Although I had fun with Mario Party 10, I say I don’t hate it, because I’m not necessarily overwhelmingly enamored by it either.  I feel it is a bit lacking in content with just 5 boards, only 3 of which are playable in Bowser Party Mode.  In addition, there’s no online play, so you need friends over unless you feel like playing against bots (who aren’t really all that good at the mini-games).  I don’t know why Nintendo is so averse to adding online multiplayer to Mario Party.  They justifiably have a bad reputation in neglecting online features, but they’ve made great strides with online in Mario Kart and Smash Bros.  Some people believe that Mario Party matches are too long for online play, and, consequently, most people will be tempted to disconnect if they find themselves losing.  But I think the new Mario Party Mode is fast enough and offers enough opportunities for comebacks that online play wouldn’t just devolve into a bunch of rage quits.  All those negatives expressed, I do want to say that I really like the mini-game selection this time around.  There’s a lot of diversity, and motion controls are used smartly and only in ways that actually make sense.

In the end, I think the $50 price tag might be a little steep for most people.  The evidence overwhelmingly seems to indicate that diehard Mario Party fans probably won’t like this game.  But if you’re like me, interested in something else to play on your Wii U with friends and family after you’ve burnt out on Smash Bros. and Mario Kart, Mario Party 10 might just be a fun diversion until you’re ready to go back to those far superior games.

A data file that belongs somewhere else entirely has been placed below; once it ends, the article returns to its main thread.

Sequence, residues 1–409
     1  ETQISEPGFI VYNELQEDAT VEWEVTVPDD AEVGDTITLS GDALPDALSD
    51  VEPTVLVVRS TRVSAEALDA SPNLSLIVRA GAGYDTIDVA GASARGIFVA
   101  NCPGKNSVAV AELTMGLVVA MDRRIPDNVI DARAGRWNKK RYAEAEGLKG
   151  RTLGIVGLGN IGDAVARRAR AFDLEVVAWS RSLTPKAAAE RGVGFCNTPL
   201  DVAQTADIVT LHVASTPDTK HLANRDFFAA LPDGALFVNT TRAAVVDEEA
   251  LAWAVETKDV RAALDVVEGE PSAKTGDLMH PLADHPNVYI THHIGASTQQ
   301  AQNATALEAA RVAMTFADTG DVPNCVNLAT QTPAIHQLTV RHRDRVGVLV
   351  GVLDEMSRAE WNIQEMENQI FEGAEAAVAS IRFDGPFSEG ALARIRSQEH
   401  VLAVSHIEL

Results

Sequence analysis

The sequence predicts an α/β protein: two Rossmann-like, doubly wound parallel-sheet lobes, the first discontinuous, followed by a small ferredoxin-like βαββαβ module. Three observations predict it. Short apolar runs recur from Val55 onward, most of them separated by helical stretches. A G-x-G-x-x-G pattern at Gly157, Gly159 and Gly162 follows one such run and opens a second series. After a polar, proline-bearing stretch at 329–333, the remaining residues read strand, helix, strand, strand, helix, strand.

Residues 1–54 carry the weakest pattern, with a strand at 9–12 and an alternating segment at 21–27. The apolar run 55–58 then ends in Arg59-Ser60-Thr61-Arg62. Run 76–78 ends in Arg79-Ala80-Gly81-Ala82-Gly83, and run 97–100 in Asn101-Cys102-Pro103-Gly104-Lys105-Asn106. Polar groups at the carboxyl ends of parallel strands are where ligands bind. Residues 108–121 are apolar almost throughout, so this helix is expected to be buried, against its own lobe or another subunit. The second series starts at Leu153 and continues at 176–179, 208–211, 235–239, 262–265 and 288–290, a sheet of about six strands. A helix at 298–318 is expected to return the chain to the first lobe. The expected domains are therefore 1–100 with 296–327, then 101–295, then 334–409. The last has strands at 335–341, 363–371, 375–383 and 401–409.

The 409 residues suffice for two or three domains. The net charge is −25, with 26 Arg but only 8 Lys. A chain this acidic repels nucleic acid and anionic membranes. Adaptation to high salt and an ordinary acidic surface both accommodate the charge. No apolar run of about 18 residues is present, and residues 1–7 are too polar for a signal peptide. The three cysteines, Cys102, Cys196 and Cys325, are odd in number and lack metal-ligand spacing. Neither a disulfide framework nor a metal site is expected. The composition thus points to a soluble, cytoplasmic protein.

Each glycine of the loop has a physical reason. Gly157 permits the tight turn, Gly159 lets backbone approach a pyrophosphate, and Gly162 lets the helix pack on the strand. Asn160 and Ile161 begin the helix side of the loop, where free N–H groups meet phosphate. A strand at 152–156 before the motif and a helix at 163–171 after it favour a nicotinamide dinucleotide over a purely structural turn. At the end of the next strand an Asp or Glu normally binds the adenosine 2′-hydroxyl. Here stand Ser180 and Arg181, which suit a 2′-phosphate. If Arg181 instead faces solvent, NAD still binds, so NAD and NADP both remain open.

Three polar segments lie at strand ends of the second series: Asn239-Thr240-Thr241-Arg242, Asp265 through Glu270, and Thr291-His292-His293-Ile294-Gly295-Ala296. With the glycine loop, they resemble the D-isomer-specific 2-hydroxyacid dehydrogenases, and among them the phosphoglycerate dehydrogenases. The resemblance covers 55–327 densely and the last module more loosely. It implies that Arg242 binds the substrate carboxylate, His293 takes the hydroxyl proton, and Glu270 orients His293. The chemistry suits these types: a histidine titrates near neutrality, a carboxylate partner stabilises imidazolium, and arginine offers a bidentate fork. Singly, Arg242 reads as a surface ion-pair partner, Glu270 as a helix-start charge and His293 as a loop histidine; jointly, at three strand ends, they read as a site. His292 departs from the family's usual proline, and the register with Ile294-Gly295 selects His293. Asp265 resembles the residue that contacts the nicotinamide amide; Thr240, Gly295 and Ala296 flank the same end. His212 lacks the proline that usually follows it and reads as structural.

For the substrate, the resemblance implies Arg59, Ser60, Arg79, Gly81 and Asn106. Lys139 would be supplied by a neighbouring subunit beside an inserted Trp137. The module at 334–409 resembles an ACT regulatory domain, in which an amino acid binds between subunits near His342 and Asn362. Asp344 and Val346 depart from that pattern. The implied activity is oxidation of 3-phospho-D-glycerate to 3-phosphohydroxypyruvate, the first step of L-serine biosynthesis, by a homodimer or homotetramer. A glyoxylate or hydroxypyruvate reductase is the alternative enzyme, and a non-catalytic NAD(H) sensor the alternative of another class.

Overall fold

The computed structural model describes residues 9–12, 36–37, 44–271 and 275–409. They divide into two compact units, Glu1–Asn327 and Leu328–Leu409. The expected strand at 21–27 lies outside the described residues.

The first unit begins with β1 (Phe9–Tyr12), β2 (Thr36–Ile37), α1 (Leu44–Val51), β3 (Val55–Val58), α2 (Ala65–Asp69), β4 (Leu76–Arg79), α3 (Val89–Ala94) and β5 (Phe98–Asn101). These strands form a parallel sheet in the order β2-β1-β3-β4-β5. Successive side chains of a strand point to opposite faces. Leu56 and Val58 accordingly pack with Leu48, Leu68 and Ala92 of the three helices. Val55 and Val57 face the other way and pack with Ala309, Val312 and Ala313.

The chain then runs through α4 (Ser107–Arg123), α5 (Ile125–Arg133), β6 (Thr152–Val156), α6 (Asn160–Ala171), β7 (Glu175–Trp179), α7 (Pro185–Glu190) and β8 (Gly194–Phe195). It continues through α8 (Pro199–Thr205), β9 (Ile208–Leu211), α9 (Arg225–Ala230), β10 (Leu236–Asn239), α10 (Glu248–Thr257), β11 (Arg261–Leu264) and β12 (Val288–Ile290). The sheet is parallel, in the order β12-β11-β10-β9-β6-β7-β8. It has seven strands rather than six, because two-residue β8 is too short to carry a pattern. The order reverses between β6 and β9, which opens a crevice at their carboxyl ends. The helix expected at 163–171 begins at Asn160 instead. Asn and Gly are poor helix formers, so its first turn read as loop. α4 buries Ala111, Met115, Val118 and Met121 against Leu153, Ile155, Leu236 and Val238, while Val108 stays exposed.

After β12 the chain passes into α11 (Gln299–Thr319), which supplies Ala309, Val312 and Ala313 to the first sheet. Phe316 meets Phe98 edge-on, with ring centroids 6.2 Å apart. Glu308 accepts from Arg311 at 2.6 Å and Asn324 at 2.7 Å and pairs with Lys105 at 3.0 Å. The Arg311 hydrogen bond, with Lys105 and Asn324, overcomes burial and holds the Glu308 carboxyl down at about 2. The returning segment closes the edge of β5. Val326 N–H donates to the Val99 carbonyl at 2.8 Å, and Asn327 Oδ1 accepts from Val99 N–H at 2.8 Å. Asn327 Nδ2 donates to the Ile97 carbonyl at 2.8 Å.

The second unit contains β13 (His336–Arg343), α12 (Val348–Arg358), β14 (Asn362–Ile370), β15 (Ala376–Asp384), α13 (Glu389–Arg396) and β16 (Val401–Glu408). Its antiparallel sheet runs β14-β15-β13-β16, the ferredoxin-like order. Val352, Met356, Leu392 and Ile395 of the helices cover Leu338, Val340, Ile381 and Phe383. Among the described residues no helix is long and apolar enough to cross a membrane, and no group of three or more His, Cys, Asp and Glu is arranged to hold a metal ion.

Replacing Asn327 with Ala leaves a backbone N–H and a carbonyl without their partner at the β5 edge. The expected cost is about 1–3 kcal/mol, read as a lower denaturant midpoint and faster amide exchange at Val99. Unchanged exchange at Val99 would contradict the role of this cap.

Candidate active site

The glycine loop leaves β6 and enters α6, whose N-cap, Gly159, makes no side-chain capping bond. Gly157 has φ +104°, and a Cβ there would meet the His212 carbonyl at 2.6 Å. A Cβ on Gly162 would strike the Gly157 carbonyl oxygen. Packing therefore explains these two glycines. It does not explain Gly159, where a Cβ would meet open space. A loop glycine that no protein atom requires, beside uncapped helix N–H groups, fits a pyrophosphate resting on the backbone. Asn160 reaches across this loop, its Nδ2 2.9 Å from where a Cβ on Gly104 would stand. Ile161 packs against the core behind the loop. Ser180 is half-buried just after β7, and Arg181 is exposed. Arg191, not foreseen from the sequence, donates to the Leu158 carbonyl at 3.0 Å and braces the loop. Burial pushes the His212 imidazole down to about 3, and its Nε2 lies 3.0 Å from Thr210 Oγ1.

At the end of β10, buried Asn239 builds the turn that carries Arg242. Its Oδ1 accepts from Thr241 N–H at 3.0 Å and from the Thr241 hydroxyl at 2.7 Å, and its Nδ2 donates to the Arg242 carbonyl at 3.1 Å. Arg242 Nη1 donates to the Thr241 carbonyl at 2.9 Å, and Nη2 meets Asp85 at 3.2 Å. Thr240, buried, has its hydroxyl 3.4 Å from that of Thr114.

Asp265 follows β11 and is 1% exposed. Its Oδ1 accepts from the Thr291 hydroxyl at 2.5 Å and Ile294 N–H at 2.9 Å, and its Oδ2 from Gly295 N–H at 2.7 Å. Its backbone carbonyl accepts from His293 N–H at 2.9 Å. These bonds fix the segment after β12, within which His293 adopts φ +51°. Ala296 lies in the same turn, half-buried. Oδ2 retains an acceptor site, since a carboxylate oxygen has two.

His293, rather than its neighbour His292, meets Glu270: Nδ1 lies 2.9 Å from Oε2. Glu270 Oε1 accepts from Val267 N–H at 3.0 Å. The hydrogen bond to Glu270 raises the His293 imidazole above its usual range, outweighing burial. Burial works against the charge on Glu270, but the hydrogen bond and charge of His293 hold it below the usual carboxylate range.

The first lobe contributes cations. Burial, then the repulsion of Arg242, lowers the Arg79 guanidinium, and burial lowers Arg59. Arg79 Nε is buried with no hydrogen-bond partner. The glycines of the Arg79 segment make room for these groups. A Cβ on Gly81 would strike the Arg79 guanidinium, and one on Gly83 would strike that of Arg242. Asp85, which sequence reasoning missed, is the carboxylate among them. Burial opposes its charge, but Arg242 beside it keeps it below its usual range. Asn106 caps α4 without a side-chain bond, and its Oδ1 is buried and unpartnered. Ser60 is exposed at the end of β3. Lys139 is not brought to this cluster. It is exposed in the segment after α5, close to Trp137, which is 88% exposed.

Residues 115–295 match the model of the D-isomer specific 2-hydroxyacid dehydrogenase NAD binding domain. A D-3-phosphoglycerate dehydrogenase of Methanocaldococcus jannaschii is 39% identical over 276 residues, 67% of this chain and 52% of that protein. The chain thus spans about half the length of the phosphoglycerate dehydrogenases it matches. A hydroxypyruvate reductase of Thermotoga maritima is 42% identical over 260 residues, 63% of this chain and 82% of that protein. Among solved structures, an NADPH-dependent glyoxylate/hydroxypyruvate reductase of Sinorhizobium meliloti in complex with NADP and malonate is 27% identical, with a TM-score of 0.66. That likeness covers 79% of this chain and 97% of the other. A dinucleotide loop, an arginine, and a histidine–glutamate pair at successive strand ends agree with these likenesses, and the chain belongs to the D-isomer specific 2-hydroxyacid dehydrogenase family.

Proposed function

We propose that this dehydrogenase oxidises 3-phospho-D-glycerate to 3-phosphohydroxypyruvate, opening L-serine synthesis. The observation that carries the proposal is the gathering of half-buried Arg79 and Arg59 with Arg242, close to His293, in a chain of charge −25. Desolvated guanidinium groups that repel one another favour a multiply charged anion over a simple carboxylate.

Help Support Charity with Humble Origin Bundle 2

Origin Bundle

Two days ago, Humble Bundle and EA launched the Humble Origin Bundle 2, the follow-up to the original Origin Bundle launched in 2013.  The conventional Indie Bundles are, of course, great, but I also appreciate it when giant publishers like EA step in for a good cause.  Unlike the traditional Humble Bundles which split the proceeds between charity, the developers, and the Humble Bundle company, EA elects to take no cut from these bundles.  In this case, the charities are Girls Who Code, The V Foundation for Cancer Research, and Build On. (The first two are self-explanatory, but the latter is a charity for women’s education in third world countries.)  It makes me believe that maybe, just maybe, these megalithic corporate entities might actually have a good heart buried somewhere deep in their shrewd, cold outer crust.  Other big publishers, such as Warner Bros., Sega, and THQ (RIP), should also be given props for having had their own bundles in the past.